ABC News has a new vice president of audio as it has announced the promotion of Liz Alesse to the position. Alesse will manage the entire audio business in her new role with the company, including ABC News Radio, podcasts, and entertainment content service.
“Liz is already a trusted member of the ABC Audio team, most recently serving as director and executive producer of Podcast Programming,” Reena Mehta, ABC News senior vice president of streaming and digital content, said in a statement.
“She has been instrumental in growing and re-organizing our award-winning podcast team, developing successful content and monetization strategies, and partnering closely within the news division and across The Walt Disney Company to promote our work.”
Alesse has overseen the launches of new podcasts for ABC News, such as “Life Out Loud with LZ Granderson,” “Close Up,” and “The Book Case with Kate and Charlie Gibson.”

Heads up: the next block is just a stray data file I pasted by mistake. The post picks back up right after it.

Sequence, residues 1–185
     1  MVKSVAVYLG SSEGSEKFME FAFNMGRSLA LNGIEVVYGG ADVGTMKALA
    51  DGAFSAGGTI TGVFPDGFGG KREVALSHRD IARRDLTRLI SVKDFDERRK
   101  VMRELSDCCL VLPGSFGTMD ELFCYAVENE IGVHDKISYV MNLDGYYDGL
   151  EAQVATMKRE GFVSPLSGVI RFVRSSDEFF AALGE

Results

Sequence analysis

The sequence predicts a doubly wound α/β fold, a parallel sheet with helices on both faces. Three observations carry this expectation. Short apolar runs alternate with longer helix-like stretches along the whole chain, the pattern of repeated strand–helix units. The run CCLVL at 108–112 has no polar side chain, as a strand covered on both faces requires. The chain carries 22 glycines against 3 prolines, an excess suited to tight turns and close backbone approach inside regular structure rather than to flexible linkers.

Furthermore, she also took the lead in creating the “GMA” Channel on Apple Podcasts, which carries the new “Good Morning America” podcast and ABC Audio’s expanding library of lifestyle, culture, and entertainment on-demand audio content.
With Alesse having a pivotal role in the audio department, ABC News has received Webby Awards, a Gracie Award, GLAAD Special Recognition honors, and other honors.
“I am so proud of ABC News’ legacy in the audio and radio space. In this new role, Liz will be vital in leading the division to continued success,” Mehta concluded.
Frank MacKay Named President of WABC’s Long Island Division
MacKay has hosted a daily show on JVC Media’s “LI News Radio” 103.9 WRCN Riverhead since 2012
Red Apple Media is attempting to grow its reach outside the tri-state area. The company has named Frank MacKay as President of its Long Island Division, helping to expand Conservative Talk 770 WABC New York and 107.1 WLIR Hampton Bays.
John Catsimatidis, Chairman/CEO of Red Apple Media and 77 WABC Radio, purchased WLIR 107.1 to grow the reach of 77 WABC Radio to the east end of Long Island in 2020.
Furthermore, MacKay is familiar with the market the Long Island market. The chairman of the Independence Party of New York State has hosted a daily show on JVC Media’s “LI News Radio” 103.9 WRCN Riverhead since 2012 that was also syndicated to JVC’s Florida markets.